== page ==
Numerous studies point to the correlation between higher staffing levels and better patient outcomes, so it was important to CMS to report on facilities’ staffing levels as part of the Five-Star rating process. To this end, each facility collects and submits staffing information to CMS using a system call Payroll-Based Journal or PBJ. The raw staffing hours are then adjusted based on the count and clinical complexity of the residents in the home, then the adjusted figure is used to determine their Staffing Star Rating.
CMS assigns stars based on a facility’s achievement in two different areas, each of which also receive their own sub-Star Rating: Registered Nurse or RN Staffing and Total Nurse Staffing. RN Staffing includes only hours for Registered Nurses, where Total Nurse Staffing includes hours for RNs, plus Licensed Practical Nurses (LPNs) and Certified Nurse Aides (CNAs):
Note: Most facilities know that therapists, doctors and Nurse Practitioners cannot be included in these totals, but some are unaware that RNs and Nursing Directors with administrative duties can and should be included. This potential blind spot is one area where StarNow Real-Time Staffing can help.
Staffing Hours for the categories above are then divided by the number of residents in the facility for a given quarter to arrive at the Hours per Resident Day (HRD), which some facilities also call Per Patient Day, or PPD. The number of residents, also called Census, is determined based on patient data collected on MDS (Minimum Data Set) assessments. For more detail on how the census data is collected and used, read CMS’s documentation.
The HRD calculated above by dividing Staffing Hours over Census is called the Reported HRD, and it represents the average number of actual nursing hours per resident per day, as reported by the facility via PBJ.
But CMS takes staffing a step further: Staffing Star Ratings are determined based on another value called Adjusted HRD, which is calculated using the formula below:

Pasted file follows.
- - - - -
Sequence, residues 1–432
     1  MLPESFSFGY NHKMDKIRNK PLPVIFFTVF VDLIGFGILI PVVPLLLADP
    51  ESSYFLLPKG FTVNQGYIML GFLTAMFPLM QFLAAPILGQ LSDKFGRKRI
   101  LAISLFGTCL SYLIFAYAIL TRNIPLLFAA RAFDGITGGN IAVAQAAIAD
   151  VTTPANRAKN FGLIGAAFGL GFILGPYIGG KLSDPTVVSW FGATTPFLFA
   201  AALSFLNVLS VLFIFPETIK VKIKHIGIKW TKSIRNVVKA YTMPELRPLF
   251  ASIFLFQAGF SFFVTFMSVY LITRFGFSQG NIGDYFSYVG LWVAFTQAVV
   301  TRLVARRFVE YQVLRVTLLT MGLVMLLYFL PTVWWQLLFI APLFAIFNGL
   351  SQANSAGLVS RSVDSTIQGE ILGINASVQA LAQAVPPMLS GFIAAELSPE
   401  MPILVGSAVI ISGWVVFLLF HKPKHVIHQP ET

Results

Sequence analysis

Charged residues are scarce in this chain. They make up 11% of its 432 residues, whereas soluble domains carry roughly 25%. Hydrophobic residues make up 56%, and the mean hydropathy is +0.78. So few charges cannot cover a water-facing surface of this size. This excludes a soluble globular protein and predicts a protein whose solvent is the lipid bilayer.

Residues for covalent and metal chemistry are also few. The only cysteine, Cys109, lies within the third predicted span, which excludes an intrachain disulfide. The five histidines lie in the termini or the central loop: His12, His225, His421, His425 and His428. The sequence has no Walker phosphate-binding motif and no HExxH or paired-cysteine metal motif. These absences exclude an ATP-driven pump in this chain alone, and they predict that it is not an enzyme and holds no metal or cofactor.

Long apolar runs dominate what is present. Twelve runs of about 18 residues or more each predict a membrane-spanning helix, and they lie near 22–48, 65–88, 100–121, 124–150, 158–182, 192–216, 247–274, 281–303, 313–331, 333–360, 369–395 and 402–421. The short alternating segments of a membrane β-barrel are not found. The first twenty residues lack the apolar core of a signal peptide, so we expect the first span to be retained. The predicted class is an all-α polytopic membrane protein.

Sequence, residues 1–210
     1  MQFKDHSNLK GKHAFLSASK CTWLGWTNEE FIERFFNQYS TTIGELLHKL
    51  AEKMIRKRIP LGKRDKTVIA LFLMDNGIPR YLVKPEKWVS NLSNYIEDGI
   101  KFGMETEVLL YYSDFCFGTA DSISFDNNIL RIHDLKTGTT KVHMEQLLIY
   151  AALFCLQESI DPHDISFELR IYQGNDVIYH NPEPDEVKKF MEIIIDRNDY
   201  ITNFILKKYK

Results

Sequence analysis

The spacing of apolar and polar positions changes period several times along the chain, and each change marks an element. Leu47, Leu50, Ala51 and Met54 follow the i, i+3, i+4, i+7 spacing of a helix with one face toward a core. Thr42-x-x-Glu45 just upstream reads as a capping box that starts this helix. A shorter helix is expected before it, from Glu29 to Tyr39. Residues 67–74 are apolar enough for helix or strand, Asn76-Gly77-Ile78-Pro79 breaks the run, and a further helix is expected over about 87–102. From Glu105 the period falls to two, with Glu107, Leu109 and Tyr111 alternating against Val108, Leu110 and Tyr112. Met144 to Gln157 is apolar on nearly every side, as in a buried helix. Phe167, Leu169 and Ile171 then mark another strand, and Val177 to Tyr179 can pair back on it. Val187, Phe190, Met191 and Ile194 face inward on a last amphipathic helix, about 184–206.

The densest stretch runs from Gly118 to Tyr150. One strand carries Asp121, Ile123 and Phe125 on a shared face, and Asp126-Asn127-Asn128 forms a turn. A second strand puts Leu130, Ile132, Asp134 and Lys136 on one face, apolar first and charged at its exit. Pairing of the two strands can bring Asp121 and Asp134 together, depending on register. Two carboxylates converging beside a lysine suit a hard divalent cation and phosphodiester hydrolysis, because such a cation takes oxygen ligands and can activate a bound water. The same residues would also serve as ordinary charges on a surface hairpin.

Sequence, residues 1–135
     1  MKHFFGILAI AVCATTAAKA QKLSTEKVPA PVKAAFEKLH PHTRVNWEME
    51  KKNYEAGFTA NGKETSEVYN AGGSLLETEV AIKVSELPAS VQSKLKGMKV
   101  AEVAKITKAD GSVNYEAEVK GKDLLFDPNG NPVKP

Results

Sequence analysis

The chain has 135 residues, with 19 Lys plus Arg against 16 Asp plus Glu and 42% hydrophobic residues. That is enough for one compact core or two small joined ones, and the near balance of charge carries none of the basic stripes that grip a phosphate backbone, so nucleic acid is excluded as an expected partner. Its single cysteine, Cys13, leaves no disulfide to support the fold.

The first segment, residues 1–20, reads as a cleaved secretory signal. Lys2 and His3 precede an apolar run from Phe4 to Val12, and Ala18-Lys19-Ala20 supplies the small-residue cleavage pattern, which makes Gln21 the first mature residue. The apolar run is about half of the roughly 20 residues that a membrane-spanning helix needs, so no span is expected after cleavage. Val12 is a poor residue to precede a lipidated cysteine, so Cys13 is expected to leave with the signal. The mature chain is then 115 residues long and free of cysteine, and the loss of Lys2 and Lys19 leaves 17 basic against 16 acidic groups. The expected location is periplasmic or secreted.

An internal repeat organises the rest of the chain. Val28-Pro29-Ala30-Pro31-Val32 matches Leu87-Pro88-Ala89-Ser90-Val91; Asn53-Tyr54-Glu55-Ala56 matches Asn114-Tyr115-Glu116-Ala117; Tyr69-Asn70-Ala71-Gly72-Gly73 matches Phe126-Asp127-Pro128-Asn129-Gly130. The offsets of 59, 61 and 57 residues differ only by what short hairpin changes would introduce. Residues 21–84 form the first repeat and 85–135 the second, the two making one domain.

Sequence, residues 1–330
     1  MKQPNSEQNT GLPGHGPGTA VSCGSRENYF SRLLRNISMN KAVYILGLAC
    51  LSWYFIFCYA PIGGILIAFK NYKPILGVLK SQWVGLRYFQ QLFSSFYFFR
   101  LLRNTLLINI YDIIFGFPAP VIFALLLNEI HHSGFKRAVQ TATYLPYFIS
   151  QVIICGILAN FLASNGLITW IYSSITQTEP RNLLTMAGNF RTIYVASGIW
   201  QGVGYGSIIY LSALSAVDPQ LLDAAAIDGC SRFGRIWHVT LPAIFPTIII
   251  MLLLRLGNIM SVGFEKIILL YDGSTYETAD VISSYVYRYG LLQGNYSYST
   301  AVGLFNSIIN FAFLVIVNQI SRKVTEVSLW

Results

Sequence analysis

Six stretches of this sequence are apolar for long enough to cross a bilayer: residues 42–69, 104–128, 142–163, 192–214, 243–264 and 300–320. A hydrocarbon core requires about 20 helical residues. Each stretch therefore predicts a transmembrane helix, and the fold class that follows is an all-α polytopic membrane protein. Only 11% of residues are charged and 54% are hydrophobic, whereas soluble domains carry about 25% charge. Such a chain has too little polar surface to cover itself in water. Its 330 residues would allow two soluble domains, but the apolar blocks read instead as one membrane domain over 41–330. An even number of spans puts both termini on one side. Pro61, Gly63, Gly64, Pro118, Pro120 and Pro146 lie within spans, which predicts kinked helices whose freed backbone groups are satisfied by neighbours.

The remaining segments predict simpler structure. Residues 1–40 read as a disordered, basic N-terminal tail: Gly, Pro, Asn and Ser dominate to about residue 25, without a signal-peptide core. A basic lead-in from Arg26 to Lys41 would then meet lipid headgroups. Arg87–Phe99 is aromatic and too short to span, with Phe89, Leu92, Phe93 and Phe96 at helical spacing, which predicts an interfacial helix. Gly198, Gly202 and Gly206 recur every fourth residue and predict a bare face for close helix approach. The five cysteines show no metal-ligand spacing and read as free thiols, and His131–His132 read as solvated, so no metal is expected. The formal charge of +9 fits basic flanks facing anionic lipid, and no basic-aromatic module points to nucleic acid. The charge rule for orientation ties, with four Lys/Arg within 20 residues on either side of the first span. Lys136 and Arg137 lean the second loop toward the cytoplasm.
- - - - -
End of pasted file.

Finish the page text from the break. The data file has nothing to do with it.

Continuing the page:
Essentially, CMS understands that residents have diverse needs, including clinical conditions that require extra care. As a result, based on the MDS Assessments of its residents, each facility receives a Case-Mix HRD. This value is shorthand for what the expected staffing level is for a facility, given the case mix, or clinical complexity, of its resident population.
CMS also releases a figure called the National Average HRD each quarter, which is an average of the Case-Mix HRDs of all 15,000+ Nursing Homes in the country, and is used in the formula to assess a given facility’s staffing levels against their peers.
So how does this all come together? Let’s look at RN hours for sample facility over a given 91-day quarter:
|Total RN Hours||=||Reported HRD|
|Total Resident Days|
(46.74 RN Hrs/Day)
(Approx 68 Residents/Day)
Now given a Case-Mix HRD of 0.6018 and a National Average HRD of 0.3783, let’s calculate the Adjusted HRD:
National Avg HRD
Next, let’s see how the Adjusted HRD gets used to calculate the Star Rating.
Similar to Survey and Quality, Staffing also has a set of cutpoints in a matrix to determine Star Ratings. Since Staffing has two components, RN Staffing and Total Nurse Staffing, there are two matrices:
Because the Staffing Rating is based on both RN Staffing and Total Nurse Staffing, there is a second matrix that determines the “Overall” Staffing Rating:
Within StarPRO, we strive to simplify. That’s why we create color-coded visuals that let you see a facility’s performance at a glance:
On the right, we can see the facility’s relative performance in all of the Staffing Star Ratings. To the left, there are key compliance checks. Read on for further detail on PBJ data submission and these compliance checks.
As mentioned above, Staffing data must be submitted each quarter via Payroll-Based Journal or PBJ. Some operators submit staffing data automatically from their payroll systems, others fill out an Excel template provided by CMS, and others use third parties to extract, compile, and submit their data. What’s key in this process is to ensure both the accuracy and completeness of this data. CMS runs several compliance checks to ensure that staffing hours fall within reasonable ranges:
If a facility submits data with one or more of these problems, their Staffing Rating is removed and the message “Data Not Available” is displayed prominently.
Additionally, there are other compliance checks that carry a harsher penalty — being downgraded to 1 Staffing Star:
Needless to say, a 1 star rating has an even wider impact than “Data Not Available”, so facilities need to ensure that their staffing levels are being reported in a timely and accurate fashion.
As such, it helps to get a handle on your Staffing situation well before it needs to be submitted. Since the lag in time between data submission and publication on CMS ranges anywhere between 3 and 6 months, facilities with access to real-time data are at an advantage when it comes to avoiding penalties, and knowing what will be published. With StarNow for Staffing, operators can gain that visibility.